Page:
Hopkins Lab hatches bluebird outreach project with Blacksburg High School
June 5, 2015
This spring, Blacksburg High School students peeked into wooden nest boxes and found one of three things: an empty nest, powder blue eggs, or best of all, a feathery baby bird.
As part of a partnership with Virginia Tech, approximately 50 wooden bird boxes were placed on a natural stretch of the high school’s property so that students can learn about bird biology, the scientific method, and environmental problems like climate change.
“The project has been a perfect hands-on, real life experience for my students,” said Steve Hulburt, teacher and science department chair at Blacksburg High School, who incorporated the boxes into his Biology I and Biology II courses. “They have been able to be outside interacting with nature, with the understanding that the work they are doing is contributing data to long term monitoring at the school. This experience is likely the one thing about high school science that they will remember for the rest of their lives.”
The students have developed data sets based on observations about the year-to-year breeding patterns of Eastern bluebirds, Carolina wrens, tree swallows, and Carolina chickadees with guidance of Virginia Tech researchers, who include Bill Hopkins, professor of fish and wildlife conservation in the College of Natural Resources and Environment and director of the Global Change Center at Virginia Tech, Glenda Gillaspy, professor of biochemistry in the College of Agriculture and Life Sciences, and David Lally, project associate in plant pathology, physiology, and weed science in the College of Agriculture and Life Sciences. All are affiliated with Virginia Tech’s Fralin Life Science Institute.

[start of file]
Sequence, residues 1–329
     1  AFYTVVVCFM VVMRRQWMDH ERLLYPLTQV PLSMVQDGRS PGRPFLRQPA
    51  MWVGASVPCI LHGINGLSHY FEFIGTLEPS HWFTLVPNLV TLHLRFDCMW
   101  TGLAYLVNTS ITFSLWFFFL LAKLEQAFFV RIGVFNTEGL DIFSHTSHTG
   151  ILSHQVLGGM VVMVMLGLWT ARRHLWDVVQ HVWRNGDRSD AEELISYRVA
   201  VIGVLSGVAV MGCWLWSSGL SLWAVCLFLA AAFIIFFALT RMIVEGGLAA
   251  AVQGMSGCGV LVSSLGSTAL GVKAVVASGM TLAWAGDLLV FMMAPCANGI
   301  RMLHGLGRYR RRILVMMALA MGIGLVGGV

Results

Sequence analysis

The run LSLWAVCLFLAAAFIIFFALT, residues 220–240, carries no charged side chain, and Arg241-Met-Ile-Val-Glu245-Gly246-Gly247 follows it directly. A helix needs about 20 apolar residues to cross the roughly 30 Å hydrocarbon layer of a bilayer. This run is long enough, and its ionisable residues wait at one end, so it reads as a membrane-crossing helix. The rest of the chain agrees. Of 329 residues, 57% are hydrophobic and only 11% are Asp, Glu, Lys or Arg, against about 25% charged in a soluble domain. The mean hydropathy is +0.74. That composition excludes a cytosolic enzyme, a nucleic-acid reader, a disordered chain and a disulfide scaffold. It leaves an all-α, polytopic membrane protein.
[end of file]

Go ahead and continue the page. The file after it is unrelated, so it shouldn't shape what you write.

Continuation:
The group came together two years ago to develop the project, and Hopkins’ former postdoctoral research associate Michelle Beck was the ‘feet on the ground’ in the school system. She is now assisted by Grace Wilde, a recent Virginia Tech graduate in biological sciences in the College of Science who worked in Gillaspy’s lab. Wilde plans to pursue a master’s in education at Virginia Tech this fall, and the outreach project was perfect training ground for her teaching pursuits. Phil Beever, the high school’s shop teacher, and his students made the boxes.
Beck said that while it may take at least five years for the students to compile significant data, the team is off to a good start and have already made several observations about differences in bird breeding patterns between the first and second years.
“This project allowed the students to act as citizen scientists and hopefully they will carry that with them in the future,” Beck said. “Second, I think it provided a nice avenue to show students how changes in climate are associated with observable changes in animals that are in their backyard, not just high latitude species like polar bears and in general helped make them more aware of the challenges climate change poses for humans and animals alike.”
Initial funding for the project came from the College of Agriculture and Life Sciences, with the goal of investment in a project to engage the high school’s science, technology, engineering, and mathematics (STEM) classrooms. Additional support was provided by the Fralin Life Science Institute.
“Mutually beneficial partnerships like this are a win-win situation for everyone,” said Lally. “The exceptional teachers and principal at BHS get to provide engaging learning experiences for their students and the faculty and students of VT get to promote the learning, discovery, and engagement that are at the core of our mission. This approach allows us to achieve multiple goals with a singular investment.”
Story by Lindsay Key